WMU and Japan cooperate on advancing BBNJ discussions

On 7 February, the World Maritime University (WMU) and the Ministry of Foreign Affairs of Japan hosted an International Workshop on BBNJ. The workshop brought together over 100 participants to address the topic of ‘Biodiversity Beyond National Jurisdiction (BBNJ): Toward Development of Balanced, Effective and Universal International Agreement’.

In her welcoming remarks, Dr. Cleopatra Doumbia-Henry, President of WMU, noted the intrinsic link of the ocean to humanity including that the ocean serves over 80 per cent of world trade which is carried by ships. Despite this inter-dependency, she maintained that since people are predominately land-based, they tend to struggle in placing appropriate value on the ocean, although things are slowly improving. She stated, “Public awareness and perceptions of both the value and vulnerability of the ocean is palpably shifting. This is crucial because as we are facing multiple crises in relation to the health of the ocean and the sustainability of human activities.” She also stated that WMU and its new WMU-Sasakawa Global Ocean Institute are committed to contributing to the BBNJ deliberations underway at the UN through engagement and discussion of key issues such as those addressed at the workshop including the peaceful settlement of disputes.

The aim of the workshop was to facilitate discussions and greater understanding prior to the 2nd Intergovernmental Conference (IGC) with a view to moving the negotiations towards the development of a balanced, effective and universally agreed internationally legally binding instrument (ILBI). The workshop brought together leading BBNJ negotiators, representatives of UN system bodies, international organizations, governments, academia, and civil society to review progress of the BBNJ negotiations and to look ahead at some of the challenges and opportunities at upcoming sessions of the IGC, including within the broader context of implementing the United Nations 2030 Agenda for Sustainable Development.

In his address, Professor Ronan Long, Director of the WMU-Sasakawa Global Ocean Institute pointed out that the BBNJ negotiations represented a once in a generation opportunity to make a difference in establishing a new treaty regime for areas beyond national jurisdiction.

The topics covered by detailed papers and animated discussions included: Area-Based Management Tools including Marine Protected Areas (MPA’s), Environmental Impact Assessment, Marine Genetic Resources including questions on benefit-sharing, IMO and management of the marine environment, existing efforts of Capacity-Building and BBNJ, Capacity Building and the International Seabed Authority (ISA), and Capacity Building and Transfer of Marine Technology (TMT) for management of BBNJ.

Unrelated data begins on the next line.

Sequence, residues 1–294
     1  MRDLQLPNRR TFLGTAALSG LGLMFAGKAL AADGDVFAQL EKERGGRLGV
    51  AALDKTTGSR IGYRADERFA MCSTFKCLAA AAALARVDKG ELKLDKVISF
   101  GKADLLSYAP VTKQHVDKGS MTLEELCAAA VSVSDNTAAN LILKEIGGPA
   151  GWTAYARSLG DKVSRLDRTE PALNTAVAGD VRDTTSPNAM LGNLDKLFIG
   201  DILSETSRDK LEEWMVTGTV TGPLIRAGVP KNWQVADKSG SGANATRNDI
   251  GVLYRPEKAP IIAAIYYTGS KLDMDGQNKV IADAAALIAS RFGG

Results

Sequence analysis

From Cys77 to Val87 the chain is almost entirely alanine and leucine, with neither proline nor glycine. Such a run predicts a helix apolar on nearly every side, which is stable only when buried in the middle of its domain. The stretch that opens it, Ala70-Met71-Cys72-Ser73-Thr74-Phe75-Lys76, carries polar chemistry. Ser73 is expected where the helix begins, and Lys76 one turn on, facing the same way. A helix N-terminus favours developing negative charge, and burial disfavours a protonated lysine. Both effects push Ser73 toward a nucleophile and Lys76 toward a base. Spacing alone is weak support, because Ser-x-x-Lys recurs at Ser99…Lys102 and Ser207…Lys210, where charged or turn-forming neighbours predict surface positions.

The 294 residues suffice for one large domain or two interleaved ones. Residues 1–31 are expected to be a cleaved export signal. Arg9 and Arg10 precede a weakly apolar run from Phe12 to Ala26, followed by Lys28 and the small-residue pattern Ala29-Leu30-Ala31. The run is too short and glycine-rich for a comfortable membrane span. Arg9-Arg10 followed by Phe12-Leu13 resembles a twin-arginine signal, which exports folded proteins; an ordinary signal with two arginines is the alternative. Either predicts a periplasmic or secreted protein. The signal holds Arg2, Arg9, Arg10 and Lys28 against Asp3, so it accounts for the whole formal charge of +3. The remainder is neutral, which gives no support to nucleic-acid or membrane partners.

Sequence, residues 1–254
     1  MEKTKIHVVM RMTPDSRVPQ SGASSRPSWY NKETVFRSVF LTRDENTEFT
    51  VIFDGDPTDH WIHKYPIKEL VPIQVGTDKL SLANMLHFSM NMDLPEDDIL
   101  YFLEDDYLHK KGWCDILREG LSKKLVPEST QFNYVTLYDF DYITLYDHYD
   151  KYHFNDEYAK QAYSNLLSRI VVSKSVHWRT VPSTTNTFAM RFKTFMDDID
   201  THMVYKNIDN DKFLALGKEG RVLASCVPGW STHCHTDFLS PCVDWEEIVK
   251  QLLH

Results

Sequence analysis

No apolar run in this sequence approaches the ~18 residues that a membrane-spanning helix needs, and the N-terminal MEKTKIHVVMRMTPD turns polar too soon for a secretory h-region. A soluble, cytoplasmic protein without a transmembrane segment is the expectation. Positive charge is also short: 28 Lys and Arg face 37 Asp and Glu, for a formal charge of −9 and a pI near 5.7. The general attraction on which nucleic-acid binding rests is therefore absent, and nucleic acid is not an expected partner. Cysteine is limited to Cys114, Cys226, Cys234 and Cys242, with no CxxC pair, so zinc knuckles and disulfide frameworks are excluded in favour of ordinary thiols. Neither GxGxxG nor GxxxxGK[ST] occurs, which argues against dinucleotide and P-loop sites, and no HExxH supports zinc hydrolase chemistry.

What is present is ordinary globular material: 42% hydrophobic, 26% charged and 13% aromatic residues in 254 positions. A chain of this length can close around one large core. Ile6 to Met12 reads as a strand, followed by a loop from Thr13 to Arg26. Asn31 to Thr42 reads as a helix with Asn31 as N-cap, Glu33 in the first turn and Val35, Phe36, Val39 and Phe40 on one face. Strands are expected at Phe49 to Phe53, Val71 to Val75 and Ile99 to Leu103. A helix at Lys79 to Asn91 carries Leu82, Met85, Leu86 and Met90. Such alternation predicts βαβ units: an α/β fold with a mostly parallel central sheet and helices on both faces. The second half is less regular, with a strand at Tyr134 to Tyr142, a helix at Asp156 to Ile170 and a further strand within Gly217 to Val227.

Delivering the closing remarks, Mr. Toru Hotta, Director for the Division of the Law of the Sea for Japan’s Ministry of Foreign Affairs highlighted that for the benefit of mankind in the future, the BBNJ legal framework must be established to provide a balance between the conservation of the ocean and its sustainable use. “Conservation and sustainable use are not mutually exclusive concepts,” he stated.

Further, Director Hotta maintained that all measures taken toward conservation of the marine environment must be based on scientific knowledge and be in full accordance with established international law. He reiterated that we have a common responsibility to ensure that future generations have the opportunity to enjoy the ocean, and to do so in an equitable manner. Recognizing that the way forward for BBNJ will be confrontational due to various interests of stakeholders on the international committee he maintained that, “the scientific and legal expertise should always provide the common ground from which we start our debate and reach conclusions.”

Roughly 60% of the ocean lies in areas beyond national jurisdiction. In its resolution 72/249 of 24 December 2017, the UN General Assembly decided to convene an Intergovernmental Conference, under the auspices of the United Nations, to consider the recommendations of the Preparatory Committee established by resolution 69/292 of 19 June 2015. The Preparatory Committee is to consider the elements and to elaborate the text of an international legally binding instrument under the United Nations Convention on the Law of Sea on the conservation and sustainable use of marine biological diversity of areas beyond national jurisdiction, with a view to developing the instrument as soon as possible. The second session of the IGC will take place in New York from 25 March to 5 April 2019.

For photos from the workshop, click here.

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